• Involve children in voting, e.g. for books to read at story time, using linking cubes with children’s names on.
  • Discuss examples and display large numbers including hundreds, thousands and a million.


  • Jump with children along a number track, counting each jump or counting on.
  • Sing counting songs and count together forwards and backwards, sometimes starting from different numbers and in different step sizes. Discuss numbers coming before, after and between and stress patterns.
  • Plan opportunities to order mixed-up numerals.
  • When counting groups as part of routines, e.g. self-registration with ten-frames, dinner chart etc,. record the final total as a label for children to see.
  • Subitise with children, talking about how they see numbers of things made up in a variety of arrangements (e.g. recognising odd and even numbers).
  • Pose everyday estimation problems and establish mental estimation benchmarks, e.g. more or less than 10.
  • Set up an estimation station where everyone records guesses; later count and order the guesses.
  • Build counting and ways of representing numbers into everyday routines.
  • Provide numeral cards for children to order on a washing line.
  • Play subitising games which involve quickly revealing and hiding numbers of objects, perhaps showing numeral cards and fingers.
  • Drop marbles into a tin and ask the children to listen (without looking) to count how many there are.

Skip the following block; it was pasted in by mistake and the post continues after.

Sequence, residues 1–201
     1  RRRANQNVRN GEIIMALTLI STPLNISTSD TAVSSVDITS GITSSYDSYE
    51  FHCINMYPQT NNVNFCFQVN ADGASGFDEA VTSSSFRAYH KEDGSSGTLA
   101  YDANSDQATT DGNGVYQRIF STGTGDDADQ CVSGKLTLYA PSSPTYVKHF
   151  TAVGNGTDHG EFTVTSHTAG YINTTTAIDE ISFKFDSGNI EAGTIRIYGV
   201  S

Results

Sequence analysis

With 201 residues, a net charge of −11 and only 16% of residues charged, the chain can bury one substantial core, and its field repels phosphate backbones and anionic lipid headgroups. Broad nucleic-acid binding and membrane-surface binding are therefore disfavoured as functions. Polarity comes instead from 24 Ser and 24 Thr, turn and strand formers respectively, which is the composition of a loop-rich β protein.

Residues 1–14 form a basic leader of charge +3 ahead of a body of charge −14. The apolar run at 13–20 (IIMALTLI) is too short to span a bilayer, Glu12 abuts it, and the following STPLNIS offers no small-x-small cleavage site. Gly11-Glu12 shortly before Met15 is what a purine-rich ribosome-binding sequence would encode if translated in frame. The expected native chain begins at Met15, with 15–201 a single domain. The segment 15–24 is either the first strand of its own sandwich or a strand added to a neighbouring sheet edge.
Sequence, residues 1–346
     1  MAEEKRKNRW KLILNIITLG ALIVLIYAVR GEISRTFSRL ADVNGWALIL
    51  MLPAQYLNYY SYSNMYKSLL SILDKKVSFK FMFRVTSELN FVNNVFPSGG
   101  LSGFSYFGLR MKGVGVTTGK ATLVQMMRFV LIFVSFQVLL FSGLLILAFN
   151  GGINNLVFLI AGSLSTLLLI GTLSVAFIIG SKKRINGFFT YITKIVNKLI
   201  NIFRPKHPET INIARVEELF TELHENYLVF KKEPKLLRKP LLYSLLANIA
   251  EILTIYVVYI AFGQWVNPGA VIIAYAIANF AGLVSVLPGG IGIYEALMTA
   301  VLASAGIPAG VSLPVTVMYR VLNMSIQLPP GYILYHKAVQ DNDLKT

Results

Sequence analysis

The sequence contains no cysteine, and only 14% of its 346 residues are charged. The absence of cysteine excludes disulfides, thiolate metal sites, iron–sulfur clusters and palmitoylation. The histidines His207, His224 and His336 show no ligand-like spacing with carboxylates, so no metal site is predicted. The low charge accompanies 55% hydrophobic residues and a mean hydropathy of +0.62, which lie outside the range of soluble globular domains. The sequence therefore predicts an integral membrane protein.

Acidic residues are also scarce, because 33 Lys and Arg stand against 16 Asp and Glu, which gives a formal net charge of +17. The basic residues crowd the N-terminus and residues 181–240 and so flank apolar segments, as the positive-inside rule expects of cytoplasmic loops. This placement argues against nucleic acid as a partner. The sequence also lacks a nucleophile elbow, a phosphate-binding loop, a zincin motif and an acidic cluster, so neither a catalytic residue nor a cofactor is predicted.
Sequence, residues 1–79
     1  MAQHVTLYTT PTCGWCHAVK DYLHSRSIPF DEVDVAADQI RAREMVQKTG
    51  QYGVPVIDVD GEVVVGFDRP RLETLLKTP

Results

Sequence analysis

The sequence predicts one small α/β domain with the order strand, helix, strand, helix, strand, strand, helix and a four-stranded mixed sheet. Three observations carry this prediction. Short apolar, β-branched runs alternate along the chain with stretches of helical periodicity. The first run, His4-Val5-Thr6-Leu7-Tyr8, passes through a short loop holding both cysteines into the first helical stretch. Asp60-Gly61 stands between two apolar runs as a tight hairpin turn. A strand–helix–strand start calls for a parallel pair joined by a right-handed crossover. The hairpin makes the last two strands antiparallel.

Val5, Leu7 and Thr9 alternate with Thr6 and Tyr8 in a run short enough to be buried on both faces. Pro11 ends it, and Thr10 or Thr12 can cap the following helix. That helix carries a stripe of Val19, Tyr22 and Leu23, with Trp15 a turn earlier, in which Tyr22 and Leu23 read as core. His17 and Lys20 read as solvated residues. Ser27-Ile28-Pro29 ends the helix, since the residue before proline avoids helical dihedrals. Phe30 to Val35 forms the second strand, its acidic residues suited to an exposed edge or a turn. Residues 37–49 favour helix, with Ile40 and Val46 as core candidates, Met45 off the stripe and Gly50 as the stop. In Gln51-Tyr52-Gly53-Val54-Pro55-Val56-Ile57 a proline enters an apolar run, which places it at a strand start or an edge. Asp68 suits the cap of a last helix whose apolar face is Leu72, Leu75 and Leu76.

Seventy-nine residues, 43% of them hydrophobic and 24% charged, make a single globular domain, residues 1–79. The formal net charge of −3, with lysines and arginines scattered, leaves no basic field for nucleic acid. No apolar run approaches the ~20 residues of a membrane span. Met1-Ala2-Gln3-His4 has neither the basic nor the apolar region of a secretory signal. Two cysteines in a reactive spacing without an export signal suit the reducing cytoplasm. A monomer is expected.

• Provide opportunities for children to match a number of objects to the numeral, including zero, and display number lines to 100 at child height.
  • Provide dice, board and card games, sometimes involving older children, families and members of the local community.
  • Provide resources to make “staircase” patterns which show that the next counting number includes the previous number plus one.
  • Display children’s mathematical representations, including explanations of the children’s meaning making.

Spatial Awareness

  • Play barrier games (where players have an identical set of objects which are hidden from each other; one player makes an arrangement of objects and gives instructions to the other to try to make the same arrangement).
  • Plan opportunities for children to describe and recall familiar routes.
  • Engage families in taking photos of familiar things from different viewpoints


  • Provide resources for shape play including unit blocks, pattern blocks, mosaic tiles and jigsaw puzzles with different levels of challenge.
  • Teach strategies for solving shape and jigsaw puzzles, describing shape properties and modelling the mathematical vocabulary such as straight, corner, edges.
  • Play games focussing on the properties of shapes, such as hiding and partially revealing a shape, asking children to say what different shapes it could be or not, and why.


  • Provide opportunities for printing patterns using a variety of objects.
  • Using photos, challenge children to copy and continue patterns.
  • Invite children to create a pattern with the same structure using different objects (e.g. instead of a red/blue/blue pattern, create a sheep/cow/cow pattern).


  • Have areas where children can explore the properties of objects, compare lengths, weigh and measure.
  • Provide objects in a range of contexts varying in length, capacity or weight, including tall thin, short fat, large light and small heavy things.
  • Provide pictorial sequences for instructions.
  • Model using measuring tools including height charts, rulers, tape-measures, scales and timers.
  • Sing songs about the days of the week and months of the year, referring to a calendar. Countdown to events.